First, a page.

Shannon McDermott is an author of science fiction and has been occupied for years with constructing scenarios of the colonization of Mars. Her first Mars-centric novel will be released by Enclave Publishing in late 2024. Her earlier works include “Jack and I” (Once Upon a Future Time: Volume 2) and “The Fulcrum” (Hidden Histories: Third Flatiron Anthologies Spring/Summer 2019).
  1. nulligravida FTW says:

    But does Rise of Skywalker have anything other to recommend it than nostalgia? Last Jedi at least had some interesting new ideas to mull over, but it seems like the committee that made Rise couldn’t commit to any ideas to introduce for more than 2.34 seconds.
    Somebody called Forrest Gump “Boomer catnip” and that helped solidify why I don’t like that movie as much as the public at large seems to like that movie. That, I think, is the pitfall for nostalgia movies.
    But I also like me some trendy trash isekai stories. I guess it depends on how we rate the value of stories. Is longevity the only “true” factor? Probs not. Does the value it generate warrant the costs of a multi-billion-budget movie production? It does make me feel better about my digital light novels and internet fanfic. Much less waste involved.

  2. princesselwen says:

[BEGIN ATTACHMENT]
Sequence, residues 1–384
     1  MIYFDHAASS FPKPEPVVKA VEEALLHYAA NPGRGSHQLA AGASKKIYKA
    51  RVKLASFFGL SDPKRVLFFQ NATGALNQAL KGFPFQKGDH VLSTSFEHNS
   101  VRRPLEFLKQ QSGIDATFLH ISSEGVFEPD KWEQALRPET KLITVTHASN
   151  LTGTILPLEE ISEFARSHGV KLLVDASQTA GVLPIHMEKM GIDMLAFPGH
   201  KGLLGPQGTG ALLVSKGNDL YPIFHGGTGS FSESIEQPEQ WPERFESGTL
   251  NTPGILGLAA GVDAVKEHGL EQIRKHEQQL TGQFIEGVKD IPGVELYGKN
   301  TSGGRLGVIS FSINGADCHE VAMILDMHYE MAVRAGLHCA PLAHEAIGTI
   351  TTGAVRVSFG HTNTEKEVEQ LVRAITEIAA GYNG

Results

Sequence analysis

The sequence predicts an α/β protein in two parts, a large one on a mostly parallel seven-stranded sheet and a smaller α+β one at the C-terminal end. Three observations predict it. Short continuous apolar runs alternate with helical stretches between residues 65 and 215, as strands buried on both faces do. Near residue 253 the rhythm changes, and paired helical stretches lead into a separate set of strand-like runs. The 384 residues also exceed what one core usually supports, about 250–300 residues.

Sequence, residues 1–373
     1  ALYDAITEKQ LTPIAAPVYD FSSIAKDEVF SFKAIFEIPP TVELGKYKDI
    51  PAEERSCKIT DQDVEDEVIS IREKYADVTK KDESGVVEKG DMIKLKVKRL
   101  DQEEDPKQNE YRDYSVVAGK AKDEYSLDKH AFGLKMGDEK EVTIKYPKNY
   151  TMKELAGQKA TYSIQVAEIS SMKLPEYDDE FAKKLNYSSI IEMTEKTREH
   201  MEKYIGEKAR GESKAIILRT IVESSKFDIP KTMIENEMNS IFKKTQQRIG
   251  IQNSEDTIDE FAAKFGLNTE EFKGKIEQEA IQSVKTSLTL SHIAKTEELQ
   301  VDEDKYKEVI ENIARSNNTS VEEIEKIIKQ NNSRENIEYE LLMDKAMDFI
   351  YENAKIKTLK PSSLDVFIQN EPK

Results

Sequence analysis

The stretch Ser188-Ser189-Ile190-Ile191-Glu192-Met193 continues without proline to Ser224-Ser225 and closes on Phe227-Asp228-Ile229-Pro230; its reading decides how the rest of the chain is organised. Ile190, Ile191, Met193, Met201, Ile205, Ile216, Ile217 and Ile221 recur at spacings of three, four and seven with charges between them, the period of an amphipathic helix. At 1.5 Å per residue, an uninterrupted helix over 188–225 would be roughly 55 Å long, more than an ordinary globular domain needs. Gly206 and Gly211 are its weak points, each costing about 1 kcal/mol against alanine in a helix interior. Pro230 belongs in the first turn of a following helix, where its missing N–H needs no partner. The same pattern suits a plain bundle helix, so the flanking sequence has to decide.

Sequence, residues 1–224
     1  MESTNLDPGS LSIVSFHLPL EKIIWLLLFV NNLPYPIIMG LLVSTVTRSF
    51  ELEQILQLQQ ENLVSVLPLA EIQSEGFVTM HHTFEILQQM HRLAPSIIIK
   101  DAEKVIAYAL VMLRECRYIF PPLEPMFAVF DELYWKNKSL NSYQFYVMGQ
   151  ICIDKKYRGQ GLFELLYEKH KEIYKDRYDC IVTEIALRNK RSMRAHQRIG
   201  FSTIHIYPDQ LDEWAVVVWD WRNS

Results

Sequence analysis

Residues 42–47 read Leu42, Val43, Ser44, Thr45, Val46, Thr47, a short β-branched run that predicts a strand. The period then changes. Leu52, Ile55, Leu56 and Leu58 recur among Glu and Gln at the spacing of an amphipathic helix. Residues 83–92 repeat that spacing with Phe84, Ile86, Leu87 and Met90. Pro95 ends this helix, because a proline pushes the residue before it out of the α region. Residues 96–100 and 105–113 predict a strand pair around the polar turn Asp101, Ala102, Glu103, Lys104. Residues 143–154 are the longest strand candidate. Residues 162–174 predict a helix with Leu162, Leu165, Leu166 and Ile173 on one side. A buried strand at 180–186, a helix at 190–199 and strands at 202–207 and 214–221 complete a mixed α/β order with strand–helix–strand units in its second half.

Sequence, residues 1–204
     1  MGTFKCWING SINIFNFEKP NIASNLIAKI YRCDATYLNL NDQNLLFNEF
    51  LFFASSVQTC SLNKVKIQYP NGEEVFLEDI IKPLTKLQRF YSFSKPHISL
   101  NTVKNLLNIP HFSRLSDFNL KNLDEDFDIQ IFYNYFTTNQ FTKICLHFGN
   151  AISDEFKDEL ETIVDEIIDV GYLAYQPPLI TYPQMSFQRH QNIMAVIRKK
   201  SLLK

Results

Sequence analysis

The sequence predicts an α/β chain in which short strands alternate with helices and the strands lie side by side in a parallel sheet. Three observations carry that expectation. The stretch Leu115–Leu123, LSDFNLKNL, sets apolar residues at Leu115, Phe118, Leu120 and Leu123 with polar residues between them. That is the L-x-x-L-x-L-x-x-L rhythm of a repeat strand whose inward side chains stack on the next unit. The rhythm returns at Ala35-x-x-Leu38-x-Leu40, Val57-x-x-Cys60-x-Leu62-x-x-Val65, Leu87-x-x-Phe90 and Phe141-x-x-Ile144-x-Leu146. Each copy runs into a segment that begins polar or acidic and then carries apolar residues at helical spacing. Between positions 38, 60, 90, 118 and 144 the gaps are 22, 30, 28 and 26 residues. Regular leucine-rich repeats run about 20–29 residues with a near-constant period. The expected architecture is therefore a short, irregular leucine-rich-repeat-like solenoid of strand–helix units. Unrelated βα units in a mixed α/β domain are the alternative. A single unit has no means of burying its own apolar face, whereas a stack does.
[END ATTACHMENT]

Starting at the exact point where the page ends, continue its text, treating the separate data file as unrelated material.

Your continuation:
I think the negative associations with nostalgia comes because of the trend in films these days to rely on it as a marketing tool. (Hence, all those remakes/reboots.) So when reviewers end up seeing the film and being disappointed by its lack of quality (whether they think it had a poor script, or bad acting, or any number of other flaws), they end up being cynical about the nostalgia that was used to promote it. Because to the reviewer, it can appear that they are being asked to overlook genuine flaws in storytelling for the sake of nostalgia, which can make the nostalgia itself seem cheap.

  3. Travis Perry says:

    Hey I really enjoyed your take on these terms. “Gritty reality” in particular has so often struck me as totally unrealistic. But I liked your thoughts on the others terms, too.

  4. The biggest problem with TROS is that it was “nostalgic” for the Original Trilogy in a way that made no sense for the Sequel Trilogy characters or in the context of the Star Wars saga as a whole. When Rey went to Tatooine (a planet she has no personal connection with, Luke himself couldn’t wait to get away from and where Leia’s only experience was being enslaved and treated as the plaything of a monstrous slug), to bury Luke and Leia’s sabers (at the ruined homestead where Luke’s adopted parents were brutally murdered by the Empire, no less), it made absolutely zero sense as something Rey would naturally think to do, let alone anything Luke or Leia would want. But the scene was meant to fill middle-aged OT fans with warm fuzzies anyway, simply because it hearkened back to the original STAR WARS. That’s the kind of “nostalgia” that comes at the expense of characterization, continuity, and good storytelling, and that’s why critics were using the term in a negative sense. But I’ve seen it used positively in reviews of other movies, so it really depends on the context.

What do you think?